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Behav Brain Sci. 2013 Aug;36(4):440-1. doi: 10.1017/S0140525X12002075.

Second-person social neuroscience: connections to past and future theories, methods, and findings.

Author information

1
Psychological Sciences Research Institute (IPSY), Université Catholique de Louvain (UCL), 1348 Louvain-la-Neuve, Belgium. Nicolas.Vermeulen@uclouvain.be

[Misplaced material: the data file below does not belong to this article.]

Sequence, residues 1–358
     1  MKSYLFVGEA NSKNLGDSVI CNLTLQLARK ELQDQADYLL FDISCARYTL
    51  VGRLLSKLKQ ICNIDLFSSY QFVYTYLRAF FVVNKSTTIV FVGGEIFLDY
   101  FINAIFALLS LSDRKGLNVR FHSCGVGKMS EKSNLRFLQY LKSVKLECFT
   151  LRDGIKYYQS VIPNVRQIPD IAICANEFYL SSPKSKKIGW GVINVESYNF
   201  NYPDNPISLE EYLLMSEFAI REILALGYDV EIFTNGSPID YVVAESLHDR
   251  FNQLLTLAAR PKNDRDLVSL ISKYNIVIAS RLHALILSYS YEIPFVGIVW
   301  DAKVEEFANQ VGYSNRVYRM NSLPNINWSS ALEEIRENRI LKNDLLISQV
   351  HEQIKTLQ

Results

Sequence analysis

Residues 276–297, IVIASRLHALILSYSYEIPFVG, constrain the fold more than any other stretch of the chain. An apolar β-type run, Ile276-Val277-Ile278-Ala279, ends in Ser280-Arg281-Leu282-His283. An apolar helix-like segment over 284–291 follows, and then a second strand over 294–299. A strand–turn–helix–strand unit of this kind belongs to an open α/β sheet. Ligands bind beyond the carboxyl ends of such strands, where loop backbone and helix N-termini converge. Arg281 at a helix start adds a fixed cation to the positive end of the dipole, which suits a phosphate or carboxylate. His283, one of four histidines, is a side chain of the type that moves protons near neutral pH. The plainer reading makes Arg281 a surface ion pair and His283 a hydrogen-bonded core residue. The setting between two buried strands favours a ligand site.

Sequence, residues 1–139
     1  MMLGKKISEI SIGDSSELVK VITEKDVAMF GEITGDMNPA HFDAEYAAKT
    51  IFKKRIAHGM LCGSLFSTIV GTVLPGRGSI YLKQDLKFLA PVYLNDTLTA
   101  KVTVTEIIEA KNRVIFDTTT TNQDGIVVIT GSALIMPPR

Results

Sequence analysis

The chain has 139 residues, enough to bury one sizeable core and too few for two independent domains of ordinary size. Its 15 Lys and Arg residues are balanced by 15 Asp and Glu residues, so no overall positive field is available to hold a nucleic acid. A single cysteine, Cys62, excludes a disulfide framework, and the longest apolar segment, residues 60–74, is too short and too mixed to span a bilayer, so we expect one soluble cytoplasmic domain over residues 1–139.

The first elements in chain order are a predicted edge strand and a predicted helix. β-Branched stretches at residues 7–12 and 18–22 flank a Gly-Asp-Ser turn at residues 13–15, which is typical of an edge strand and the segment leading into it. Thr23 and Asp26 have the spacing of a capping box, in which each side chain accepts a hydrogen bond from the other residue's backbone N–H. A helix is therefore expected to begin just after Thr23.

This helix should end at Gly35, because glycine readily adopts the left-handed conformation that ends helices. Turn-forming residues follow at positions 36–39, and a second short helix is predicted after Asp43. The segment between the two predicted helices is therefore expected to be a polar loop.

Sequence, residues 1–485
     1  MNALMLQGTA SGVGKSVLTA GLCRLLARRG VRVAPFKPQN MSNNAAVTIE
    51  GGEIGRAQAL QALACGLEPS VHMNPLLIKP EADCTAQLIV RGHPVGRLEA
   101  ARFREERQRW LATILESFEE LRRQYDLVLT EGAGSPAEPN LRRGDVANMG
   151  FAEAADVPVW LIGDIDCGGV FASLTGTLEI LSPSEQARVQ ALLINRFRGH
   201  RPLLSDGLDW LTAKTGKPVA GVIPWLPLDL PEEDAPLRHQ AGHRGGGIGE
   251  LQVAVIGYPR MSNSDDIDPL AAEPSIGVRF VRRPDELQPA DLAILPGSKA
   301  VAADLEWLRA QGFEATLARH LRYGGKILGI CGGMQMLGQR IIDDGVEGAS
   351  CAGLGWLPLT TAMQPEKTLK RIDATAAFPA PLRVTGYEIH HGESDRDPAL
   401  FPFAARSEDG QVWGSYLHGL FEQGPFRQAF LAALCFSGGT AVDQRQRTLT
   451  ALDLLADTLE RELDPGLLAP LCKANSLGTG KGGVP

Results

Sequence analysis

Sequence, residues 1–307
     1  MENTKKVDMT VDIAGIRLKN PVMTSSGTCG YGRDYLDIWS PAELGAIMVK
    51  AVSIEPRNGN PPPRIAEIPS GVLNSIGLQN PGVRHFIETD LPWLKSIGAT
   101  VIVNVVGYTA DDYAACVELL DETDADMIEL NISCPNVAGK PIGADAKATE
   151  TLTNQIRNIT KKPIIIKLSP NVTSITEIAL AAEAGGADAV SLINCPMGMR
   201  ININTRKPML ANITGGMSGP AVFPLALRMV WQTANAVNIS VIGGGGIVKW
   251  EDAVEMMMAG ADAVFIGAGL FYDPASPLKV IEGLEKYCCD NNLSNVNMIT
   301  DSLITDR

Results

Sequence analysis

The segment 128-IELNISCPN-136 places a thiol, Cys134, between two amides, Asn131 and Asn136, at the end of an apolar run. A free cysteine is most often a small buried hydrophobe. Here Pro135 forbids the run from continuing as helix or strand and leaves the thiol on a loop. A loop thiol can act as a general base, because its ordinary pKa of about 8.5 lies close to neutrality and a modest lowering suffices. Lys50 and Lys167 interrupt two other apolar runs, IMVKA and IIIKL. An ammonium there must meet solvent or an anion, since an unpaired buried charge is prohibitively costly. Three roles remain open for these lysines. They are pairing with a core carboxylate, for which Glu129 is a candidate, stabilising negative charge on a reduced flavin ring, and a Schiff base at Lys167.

Abstract

We argue that Schilbach et al. have neglected an important part of the social neuroscience literature involving participants in social interactions. We also clarify some part of the models the authors discussed superficially. We finally propose that social neuroscience should take into consideration the effect of being observed and the complexity of the task as potentially influencing factors.

PMID:
23883770
DOI:
10.1017/S0140525X12002075
[Indexed for MEDLINE]

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